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Thousands sign Hiroshima petition to save A-bomb buildings

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It is important to have such anti-war symbols . . . for posterity . . . .

0 ( +3 / -3 )

If the people who signed the petitions all donated money as well there would be no problem.

-2 ( +3 / -5 )

Hello Kitty 321, on the nail.

-2 ( +1 / -3 )

I'd rather they remembered the non-Japanese who suffered from the A-bomb. These include a large number of Koreans, who were denied A-bomb sufferer status under the bigoted Japanese government.

Let these rotten buildings fall apart. They are not worth the money.

-3 ( +4 / -7 )

Germany shows that the best way of peace is to remember the mistakes.

But not only Germany! Many people forget that Italy was also one of the major members in the axis.

And Italy has one of the most beautiful constitution in the world because it was written by anti-fascists.

Keep these buildings is important but also remember the suffer that the axis brought before is also very important.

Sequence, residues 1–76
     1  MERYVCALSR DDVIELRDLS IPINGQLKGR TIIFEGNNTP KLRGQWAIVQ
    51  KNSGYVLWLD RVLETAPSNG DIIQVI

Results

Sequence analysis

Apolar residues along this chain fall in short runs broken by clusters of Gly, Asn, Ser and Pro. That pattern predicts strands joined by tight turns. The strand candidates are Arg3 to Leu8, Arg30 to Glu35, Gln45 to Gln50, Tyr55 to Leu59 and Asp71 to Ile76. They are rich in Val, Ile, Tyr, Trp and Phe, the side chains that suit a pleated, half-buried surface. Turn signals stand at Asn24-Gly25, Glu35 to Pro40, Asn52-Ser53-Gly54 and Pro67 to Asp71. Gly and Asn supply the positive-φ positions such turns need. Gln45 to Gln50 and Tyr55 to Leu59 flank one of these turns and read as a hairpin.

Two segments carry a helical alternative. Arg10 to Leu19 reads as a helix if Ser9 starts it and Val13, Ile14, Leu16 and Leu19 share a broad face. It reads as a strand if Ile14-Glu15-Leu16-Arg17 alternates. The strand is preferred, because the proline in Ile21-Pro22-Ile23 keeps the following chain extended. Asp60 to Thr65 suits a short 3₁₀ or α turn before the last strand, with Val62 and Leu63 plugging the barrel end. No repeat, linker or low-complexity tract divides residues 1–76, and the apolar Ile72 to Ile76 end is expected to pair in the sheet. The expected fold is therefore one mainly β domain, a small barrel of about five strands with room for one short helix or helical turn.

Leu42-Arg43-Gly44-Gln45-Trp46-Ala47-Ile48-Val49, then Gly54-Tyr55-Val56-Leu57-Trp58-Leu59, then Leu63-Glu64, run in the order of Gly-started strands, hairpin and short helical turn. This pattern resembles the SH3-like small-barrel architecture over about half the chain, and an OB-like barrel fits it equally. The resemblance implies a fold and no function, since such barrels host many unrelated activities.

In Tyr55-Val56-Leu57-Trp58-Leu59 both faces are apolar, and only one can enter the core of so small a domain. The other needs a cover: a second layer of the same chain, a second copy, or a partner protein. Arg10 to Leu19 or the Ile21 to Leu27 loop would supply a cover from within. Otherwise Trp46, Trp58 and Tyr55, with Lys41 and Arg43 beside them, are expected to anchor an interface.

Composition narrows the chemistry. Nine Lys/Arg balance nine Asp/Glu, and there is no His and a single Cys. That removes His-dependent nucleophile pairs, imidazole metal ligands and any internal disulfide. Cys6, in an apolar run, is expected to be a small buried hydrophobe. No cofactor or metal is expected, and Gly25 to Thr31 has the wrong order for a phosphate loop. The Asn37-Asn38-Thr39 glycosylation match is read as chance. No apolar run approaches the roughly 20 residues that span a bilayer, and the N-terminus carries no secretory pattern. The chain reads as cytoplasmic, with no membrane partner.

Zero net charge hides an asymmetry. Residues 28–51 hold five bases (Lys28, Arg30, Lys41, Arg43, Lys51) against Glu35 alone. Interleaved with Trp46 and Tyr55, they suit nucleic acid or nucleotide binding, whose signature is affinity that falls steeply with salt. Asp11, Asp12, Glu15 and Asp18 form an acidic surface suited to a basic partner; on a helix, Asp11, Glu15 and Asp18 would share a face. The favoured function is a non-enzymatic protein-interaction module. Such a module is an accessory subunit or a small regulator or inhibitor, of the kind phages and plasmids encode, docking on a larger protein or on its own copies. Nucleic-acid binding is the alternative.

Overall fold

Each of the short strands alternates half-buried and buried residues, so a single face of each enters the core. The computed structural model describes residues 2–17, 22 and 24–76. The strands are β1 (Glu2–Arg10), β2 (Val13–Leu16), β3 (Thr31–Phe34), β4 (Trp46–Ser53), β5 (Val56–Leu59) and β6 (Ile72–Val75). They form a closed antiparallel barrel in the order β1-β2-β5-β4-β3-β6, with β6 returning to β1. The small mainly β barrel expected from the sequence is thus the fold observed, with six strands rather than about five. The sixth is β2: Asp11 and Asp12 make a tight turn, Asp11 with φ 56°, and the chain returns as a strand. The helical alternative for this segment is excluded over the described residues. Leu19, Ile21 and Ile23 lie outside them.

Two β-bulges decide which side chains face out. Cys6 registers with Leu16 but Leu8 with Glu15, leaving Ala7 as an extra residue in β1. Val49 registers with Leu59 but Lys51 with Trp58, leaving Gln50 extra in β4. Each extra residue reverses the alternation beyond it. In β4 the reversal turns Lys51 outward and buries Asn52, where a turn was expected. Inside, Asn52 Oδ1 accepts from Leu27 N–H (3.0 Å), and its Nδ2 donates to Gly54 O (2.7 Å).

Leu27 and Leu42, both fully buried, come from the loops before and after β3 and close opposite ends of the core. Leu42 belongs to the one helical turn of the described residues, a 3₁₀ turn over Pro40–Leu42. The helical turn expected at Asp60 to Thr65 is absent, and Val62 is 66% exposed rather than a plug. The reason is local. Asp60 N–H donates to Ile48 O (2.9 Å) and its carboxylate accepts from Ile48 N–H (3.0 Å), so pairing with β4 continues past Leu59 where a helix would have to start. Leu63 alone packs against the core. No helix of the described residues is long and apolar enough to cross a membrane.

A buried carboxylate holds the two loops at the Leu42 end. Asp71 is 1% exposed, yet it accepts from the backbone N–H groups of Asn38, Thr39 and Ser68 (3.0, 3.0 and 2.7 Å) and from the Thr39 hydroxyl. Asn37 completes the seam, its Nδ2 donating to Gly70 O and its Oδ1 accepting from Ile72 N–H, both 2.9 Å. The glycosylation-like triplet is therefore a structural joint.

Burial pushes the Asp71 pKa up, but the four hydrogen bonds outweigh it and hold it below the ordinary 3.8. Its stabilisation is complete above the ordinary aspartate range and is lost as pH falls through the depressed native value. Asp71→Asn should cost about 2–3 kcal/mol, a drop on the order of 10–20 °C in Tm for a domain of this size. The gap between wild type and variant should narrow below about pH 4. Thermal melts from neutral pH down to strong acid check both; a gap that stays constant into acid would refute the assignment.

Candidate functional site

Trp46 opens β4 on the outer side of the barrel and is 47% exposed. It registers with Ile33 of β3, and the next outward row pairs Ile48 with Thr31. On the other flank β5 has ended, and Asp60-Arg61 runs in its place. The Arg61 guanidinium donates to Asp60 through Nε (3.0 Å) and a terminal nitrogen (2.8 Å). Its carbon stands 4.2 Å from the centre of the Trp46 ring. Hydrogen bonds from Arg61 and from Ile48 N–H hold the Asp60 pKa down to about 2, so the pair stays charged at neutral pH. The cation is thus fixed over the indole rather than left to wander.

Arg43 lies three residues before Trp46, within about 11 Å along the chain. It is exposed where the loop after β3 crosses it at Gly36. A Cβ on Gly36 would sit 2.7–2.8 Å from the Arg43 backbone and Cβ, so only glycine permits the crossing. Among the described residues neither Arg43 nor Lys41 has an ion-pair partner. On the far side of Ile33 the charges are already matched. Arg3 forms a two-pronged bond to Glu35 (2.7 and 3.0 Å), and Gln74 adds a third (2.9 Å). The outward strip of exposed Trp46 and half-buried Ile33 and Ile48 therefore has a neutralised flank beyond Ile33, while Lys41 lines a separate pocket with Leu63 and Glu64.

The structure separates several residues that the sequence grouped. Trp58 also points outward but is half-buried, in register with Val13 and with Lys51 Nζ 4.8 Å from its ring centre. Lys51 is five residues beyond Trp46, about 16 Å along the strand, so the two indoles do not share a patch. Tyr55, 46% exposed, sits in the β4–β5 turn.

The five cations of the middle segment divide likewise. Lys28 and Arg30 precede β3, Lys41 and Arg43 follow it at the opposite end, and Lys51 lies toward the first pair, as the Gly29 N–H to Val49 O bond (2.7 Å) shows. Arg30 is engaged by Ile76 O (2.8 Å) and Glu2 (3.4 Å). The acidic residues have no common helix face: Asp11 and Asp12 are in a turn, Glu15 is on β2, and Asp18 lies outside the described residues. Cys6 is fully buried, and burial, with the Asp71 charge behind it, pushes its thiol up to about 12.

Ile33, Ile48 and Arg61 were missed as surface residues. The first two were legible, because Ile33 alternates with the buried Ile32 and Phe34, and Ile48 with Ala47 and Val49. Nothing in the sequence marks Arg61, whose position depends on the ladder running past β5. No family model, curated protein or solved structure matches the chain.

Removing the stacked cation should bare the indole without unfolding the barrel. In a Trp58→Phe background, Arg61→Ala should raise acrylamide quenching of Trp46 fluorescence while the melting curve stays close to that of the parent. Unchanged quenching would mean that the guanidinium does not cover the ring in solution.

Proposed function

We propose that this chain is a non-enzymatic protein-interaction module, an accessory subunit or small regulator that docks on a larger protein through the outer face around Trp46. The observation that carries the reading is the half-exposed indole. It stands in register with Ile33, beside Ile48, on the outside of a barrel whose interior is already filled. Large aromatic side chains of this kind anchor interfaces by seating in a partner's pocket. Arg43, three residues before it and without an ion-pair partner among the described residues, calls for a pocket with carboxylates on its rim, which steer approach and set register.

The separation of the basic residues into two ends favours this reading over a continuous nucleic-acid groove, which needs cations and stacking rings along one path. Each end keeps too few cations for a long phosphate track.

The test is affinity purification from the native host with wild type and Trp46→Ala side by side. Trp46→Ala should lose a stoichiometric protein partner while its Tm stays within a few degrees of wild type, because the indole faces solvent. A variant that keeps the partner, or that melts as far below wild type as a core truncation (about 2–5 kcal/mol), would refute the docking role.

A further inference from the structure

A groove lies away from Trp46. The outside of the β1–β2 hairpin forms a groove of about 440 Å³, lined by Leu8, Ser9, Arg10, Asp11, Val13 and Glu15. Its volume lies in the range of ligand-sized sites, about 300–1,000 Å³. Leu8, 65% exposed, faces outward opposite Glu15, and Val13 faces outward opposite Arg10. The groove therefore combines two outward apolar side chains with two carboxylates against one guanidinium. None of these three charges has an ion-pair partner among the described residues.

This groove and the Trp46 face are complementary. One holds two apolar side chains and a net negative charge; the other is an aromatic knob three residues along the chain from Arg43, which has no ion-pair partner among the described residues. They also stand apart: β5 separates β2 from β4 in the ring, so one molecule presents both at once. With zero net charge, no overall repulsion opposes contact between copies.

-2 ( +2 / -4 )

Yes they are important, but you cant save everything. The city itself serves as a very powerful anti war symbol, so its not like they are the only reminders of the bombing.

I'm not against them being saved, and if they are, then great! 

I'm just saying that, you cant keep something just because it was there at the time. And if its unsafe, is it a suitable use of public funds? Especially as there are other more stable buildings in the area that also survived!

2 ( +2 / -0 )

A black eye born from belligerence. A tool the Japanese use to appeal for sympathy and propagate victim hood. Be gone !!!

-5 ( +2 / -7 )

At least 140,000 people died after the atomic bomb was dropped on Hiroshima in 1945, with another 74,000 killed after a second bomb was dropped on Nagasaki three days later.

...to end Imperial Japan's war of aggression . There, fixed it for ya. Otherwise it doesn't give the reason why

2 ( +3 / -1 )

If America wants to move it in their country as a reminder never to use Nuclear Weapons again Yes.